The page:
still in your blood and in your muscles and you need to break it up.
The oxygen that would have gone to make energy for the muscles is not
used to break down the lactate in your body. This is called oxygen
debt because you still need to give your body more oxygen. This is why
you carry on breathing hard and your hear still beats quickly even
after you stop exercising. Eventually when all the lactic acid has
been broken down your heart rate and your breathing rate return to
your resting rates. I think that the longer you exercise for then the
more lactate will build up in your body, therefore the longer your
heart and lungs will have to carry on working hard after you have
finished exercising to make up the oxygen debt.
· At a set time the exerciser will have their resting heart rate taken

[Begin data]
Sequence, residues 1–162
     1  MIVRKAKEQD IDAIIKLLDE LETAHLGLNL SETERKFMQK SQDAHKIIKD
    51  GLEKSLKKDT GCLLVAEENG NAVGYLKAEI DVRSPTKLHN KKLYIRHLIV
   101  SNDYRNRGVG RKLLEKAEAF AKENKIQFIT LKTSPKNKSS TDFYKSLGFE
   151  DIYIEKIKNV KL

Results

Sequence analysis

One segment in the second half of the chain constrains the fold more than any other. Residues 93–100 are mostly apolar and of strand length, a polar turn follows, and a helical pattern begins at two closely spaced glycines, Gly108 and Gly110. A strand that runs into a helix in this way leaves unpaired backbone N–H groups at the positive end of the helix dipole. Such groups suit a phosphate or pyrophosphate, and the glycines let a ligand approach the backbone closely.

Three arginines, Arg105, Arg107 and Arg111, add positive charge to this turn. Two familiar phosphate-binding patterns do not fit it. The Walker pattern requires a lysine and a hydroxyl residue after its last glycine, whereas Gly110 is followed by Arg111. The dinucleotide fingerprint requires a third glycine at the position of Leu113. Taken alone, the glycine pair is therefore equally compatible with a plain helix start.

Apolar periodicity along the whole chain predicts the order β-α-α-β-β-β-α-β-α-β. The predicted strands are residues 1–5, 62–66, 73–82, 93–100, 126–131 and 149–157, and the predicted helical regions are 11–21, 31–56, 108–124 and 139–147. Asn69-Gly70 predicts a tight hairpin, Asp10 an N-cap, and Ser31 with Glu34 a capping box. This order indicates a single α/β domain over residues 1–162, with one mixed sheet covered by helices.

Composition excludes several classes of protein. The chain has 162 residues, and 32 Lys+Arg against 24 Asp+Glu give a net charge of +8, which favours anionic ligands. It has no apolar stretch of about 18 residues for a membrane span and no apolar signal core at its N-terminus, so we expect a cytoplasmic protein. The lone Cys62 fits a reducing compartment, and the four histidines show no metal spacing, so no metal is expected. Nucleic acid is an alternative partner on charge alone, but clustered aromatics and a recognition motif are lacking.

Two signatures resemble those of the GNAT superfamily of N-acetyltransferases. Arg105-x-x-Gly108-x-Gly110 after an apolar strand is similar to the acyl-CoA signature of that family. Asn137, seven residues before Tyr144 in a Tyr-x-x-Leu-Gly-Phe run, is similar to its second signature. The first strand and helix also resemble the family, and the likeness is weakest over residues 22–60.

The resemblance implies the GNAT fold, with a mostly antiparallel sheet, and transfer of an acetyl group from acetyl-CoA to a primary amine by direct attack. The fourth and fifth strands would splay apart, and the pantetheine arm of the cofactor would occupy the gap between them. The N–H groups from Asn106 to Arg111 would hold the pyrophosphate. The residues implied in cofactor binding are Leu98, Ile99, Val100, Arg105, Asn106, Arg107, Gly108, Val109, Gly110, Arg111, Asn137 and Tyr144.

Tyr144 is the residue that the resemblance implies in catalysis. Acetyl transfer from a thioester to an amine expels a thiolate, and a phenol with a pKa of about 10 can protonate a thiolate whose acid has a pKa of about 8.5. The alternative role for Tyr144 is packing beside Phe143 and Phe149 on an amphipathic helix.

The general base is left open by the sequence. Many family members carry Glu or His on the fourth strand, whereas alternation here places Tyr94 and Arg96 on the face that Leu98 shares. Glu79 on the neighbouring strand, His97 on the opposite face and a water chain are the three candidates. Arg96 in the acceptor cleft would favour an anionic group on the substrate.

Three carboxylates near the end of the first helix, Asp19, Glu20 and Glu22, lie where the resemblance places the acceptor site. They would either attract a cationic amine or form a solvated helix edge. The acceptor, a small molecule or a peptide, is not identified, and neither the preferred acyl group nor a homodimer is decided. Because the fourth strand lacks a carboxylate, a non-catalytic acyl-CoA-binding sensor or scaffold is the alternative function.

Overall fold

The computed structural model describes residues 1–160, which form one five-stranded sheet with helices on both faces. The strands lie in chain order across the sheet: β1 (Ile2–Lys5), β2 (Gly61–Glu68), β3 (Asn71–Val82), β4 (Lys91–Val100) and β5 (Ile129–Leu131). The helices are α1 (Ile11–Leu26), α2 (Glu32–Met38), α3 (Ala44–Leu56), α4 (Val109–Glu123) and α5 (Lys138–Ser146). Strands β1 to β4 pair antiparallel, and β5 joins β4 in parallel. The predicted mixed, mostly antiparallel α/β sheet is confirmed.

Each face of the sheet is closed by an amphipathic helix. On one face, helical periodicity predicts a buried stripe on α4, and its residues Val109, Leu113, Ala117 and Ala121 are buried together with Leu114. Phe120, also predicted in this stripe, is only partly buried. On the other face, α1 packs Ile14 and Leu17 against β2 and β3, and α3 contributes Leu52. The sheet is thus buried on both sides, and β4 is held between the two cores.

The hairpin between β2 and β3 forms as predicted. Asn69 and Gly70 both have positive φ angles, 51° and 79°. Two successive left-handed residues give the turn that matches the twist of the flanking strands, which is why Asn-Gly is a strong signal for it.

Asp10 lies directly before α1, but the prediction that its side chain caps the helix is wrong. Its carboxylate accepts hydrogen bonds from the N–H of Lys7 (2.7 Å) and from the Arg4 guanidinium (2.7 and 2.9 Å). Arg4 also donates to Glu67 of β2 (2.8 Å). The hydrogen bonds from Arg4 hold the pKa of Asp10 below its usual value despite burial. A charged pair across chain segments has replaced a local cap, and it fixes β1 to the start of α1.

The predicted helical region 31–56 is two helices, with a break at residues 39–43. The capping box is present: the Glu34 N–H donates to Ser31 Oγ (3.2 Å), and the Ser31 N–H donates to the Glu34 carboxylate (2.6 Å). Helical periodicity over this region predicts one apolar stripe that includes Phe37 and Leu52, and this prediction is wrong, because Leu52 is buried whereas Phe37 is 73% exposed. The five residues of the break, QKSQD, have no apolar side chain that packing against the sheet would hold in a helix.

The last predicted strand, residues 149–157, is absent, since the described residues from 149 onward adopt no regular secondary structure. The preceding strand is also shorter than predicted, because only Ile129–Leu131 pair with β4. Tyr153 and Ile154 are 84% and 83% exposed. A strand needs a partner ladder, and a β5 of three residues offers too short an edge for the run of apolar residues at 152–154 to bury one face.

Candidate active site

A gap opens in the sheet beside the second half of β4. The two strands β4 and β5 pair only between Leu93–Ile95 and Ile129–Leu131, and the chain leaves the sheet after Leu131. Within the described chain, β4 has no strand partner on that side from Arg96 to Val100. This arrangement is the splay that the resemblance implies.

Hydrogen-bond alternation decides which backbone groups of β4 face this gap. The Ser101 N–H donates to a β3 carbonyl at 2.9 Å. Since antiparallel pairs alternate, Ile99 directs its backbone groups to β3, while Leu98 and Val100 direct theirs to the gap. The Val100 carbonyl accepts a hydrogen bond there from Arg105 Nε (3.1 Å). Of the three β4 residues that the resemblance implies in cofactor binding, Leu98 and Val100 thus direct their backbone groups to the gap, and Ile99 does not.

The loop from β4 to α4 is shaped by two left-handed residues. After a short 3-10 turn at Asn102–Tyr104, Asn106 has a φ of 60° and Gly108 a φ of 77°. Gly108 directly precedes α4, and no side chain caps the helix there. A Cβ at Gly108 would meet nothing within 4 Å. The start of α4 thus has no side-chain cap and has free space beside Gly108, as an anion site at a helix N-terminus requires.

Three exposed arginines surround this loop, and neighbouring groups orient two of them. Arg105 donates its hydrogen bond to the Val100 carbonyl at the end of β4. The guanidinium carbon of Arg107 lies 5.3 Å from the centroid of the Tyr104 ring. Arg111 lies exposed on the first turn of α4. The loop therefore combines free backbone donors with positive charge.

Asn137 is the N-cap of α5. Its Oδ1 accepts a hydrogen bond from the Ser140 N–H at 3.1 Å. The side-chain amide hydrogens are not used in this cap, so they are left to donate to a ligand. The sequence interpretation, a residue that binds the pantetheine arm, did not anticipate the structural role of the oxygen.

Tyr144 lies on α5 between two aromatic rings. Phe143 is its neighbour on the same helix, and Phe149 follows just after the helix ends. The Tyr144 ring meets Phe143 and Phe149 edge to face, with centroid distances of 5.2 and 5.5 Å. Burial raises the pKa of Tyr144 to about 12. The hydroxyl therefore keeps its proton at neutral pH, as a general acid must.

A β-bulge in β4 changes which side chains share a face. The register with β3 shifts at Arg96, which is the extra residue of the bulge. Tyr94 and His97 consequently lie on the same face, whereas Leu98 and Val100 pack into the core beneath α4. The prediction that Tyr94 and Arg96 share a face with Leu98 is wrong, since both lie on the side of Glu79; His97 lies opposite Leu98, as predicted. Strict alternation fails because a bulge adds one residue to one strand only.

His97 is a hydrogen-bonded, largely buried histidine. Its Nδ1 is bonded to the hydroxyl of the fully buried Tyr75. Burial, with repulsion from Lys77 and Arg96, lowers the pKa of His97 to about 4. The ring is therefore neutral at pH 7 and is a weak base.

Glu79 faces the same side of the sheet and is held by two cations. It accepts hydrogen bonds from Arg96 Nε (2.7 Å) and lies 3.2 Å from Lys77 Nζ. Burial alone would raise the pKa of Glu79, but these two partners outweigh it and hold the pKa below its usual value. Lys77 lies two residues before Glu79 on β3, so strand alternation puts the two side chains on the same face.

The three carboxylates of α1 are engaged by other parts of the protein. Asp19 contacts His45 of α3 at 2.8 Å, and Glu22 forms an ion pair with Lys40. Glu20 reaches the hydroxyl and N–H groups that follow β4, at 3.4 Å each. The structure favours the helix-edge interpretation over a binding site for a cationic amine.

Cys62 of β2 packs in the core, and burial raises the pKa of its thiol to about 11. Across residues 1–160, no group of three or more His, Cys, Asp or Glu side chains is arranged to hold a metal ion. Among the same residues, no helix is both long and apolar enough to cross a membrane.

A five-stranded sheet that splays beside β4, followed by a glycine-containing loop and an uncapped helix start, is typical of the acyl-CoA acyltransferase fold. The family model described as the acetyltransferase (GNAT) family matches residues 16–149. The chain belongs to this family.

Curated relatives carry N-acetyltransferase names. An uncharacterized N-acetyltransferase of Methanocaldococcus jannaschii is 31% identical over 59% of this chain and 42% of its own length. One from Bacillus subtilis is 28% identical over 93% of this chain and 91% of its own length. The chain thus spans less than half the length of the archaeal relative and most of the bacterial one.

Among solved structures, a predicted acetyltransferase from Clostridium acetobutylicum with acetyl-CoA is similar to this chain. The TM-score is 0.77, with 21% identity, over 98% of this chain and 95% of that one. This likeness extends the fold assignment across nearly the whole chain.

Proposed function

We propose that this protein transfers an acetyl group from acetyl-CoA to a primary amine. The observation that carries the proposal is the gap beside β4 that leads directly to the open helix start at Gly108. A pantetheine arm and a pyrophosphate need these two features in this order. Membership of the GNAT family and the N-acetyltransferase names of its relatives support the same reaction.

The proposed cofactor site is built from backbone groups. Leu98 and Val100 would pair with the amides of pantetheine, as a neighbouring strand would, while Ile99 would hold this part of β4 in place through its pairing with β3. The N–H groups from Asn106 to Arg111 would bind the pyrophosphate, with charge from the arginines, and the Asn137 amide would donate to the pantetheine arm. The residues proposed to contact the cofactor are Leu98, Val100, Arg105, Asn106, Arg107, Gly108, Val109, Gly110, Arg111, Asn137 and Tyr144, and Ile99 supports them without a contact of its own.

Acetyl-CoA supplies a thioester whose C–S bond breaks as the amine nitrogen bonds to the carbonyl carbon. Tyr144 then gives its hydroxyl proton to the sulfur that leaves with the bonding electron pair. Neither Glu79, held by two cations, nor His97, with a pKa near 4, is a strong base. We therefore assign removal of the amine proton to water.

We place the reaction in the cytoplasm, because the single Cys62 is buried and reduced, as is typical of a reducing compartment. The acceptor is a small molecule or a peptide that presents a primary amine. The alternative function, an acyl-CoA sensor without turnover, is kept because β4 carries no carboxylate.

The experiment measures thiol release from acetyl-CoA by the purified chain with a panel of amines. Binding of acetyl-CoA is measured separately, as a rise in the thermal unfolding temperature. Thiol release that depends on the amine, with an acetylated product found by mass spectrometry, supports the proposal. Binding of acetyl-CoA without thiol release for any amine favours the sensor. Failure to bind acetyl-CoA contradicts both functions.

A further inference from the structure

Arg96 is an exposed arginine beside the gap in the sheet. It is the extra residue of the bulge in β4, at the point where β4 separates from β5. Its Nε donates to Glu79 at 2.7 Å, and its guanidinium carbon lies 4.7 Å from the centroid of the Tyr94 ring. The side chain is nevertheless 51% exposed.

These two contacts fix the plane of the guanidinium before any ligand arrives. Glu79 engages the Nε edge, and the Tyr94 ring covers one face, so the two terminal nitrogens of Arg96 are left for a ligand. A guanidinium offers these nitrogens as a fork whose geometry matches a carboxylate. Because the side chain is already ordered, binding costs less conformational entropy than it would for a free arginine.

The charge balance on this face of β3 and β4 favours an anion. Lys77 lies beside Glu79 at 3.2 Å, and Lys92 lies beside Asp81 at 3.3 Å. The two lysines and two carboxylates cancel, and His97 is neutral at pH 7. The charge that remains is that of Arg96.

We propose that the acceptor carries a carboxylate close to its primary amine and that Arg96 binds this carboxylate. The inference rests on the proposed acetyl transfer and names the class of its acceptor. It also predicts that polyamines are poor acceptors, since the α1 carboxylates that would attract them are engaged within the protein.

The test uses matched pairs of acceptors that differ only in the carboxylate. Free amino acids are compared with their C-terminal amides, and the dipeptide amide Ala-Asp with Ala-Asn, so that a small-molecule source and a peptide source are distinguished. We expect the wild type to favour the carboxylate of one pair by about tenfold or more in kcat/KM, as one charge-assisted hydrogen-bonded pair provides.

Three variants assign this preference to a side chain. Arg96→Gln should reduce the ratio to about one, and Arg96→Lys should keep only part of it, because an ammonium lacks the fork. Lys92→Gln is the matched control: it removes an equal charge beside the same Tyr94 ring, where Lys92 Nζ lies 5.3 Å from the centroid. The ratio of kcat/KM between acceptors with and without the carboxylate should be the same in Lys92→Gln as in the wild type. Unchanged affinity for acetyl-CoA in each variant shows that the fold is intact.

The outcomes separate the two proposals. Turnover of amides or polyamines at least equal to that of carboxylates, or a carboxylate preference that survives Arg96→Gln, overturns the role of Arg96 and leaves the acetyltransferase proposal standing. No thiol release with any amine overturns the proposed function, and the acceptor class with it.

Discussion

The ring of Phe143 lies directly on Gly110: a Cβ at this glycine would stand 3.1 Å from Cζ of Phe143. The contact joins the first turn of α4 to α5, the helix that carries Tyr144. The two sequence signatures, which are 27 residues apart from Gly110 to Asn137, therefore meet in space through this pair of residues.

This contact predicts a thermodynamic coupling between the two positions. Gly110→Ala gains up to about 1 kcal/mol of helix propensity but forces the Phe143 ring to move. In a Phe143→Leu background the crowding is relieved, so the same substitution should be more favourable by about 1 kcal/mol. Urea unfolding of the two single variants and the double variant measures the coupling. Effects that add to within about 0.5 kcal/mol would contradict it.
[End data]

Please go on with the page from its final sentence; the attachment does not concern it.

using a heart monitor and recorded. They will then be timed doing
step-ups for one minute using a stop clock. The intensity of the
exercise will be timed using the metronome. When the minute is up the
exerciser will stand still and their recovery time will be timed using
a stop clock and recorded. This will be from when the exerciser stops
exercising to when their heart rate has returned to their resting
· The exerciser will wait five minutes after their heart rate has
returned to normal to ensure that all the lactate in their body has
been broken up and they will perform the same exercise, at the same
intensity, for two minutes. Again after they have finished exercising
their recovery time will be timed using a stop clock and recorded.
They will wait a further five minutes after their heart rate has
returned to normal.
· The exerciser will repeat this routine for exercises lasting three,
four and five minutes, each time their recovery time will be times and
recorded and they will be given five minutes after their heart rate
has returned to normal.
· The exerciser will repeat the whole routine for five days, each time
taking their resting heart rate before they begin using a heart
monitor. The results will be averaged to obtain the final set of